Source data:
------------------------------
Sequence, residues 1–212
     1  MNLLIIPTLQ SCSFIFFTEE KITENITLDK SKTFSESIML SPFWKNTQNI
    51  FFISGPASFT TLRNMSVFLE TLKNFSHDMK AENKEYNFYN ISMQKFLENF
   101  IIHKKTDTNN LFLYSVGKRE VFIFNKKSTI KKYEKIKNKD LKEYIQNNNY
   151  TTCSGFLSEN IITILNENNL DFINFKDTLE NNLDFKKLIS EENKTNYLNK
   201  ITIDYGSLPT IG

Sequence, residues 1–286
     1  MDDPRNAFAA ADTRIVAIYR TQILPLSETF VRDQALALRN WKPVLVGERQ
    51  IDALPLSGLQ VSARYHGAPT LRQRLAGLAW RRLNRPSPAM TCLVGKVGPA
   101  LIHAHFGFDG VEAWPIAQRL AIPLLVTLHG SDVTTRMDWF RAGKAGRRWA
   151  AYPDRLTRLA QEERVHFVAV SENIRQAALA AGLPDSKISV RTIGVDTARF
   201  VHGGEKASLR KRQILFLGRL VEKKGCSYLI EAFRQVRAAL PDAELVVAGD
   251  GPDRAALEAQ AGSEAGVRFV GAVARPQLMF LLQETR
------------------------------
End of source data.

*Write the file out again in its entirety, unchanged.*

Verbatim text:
Sequence, residues 1–212
     1  MNLLIIPTLQ SCSFIFFTEE KITENITLDK SKTFSESIML SPFWKNTQNI
    51  FFISGPASFT TLRNMSVFLE TLKNFSHDMK AENKEYNFYN ISMQKFLENF
   101  IIHKKTDTNN LFLYSVGKRE VFIFNKKSTI KKYEKIKNKD LKEYIQNNNY
   151  TTCSGFLSEN IITILNENNL DFINFKDTLE NNLDFKKLIS EENKTNYLNK
   201  ITIDYGSLPT IG

Sequence, residues 1–286
     1  MDDPRNAFAA ADTRIVAIYR TQILPLSETF VRDQALALRN WKPVLVGERQ
    51  IDALPLSGLQ VSARYHGAPT LRQRLAGLAW RRLNRPSPAM TCLVGKVGPA
   101  LIHAHFGFDG VEAWPIAQRL AIPLLVTLHG SDVTTRMDWF RAGKAGRRWA
   151  AYPDRLTRLA QEERVHFVAV SENIRQAALA AGLPDSKISV RTIGVDTARF
   201  VHGGEKASLR KRQILFLGRL VEKKGCSYLI EAFRQVRAAL PDAELVVAGD
   251  GPDRAALEAQ AGSEAGVRFV GAVARPQLMF LLQETR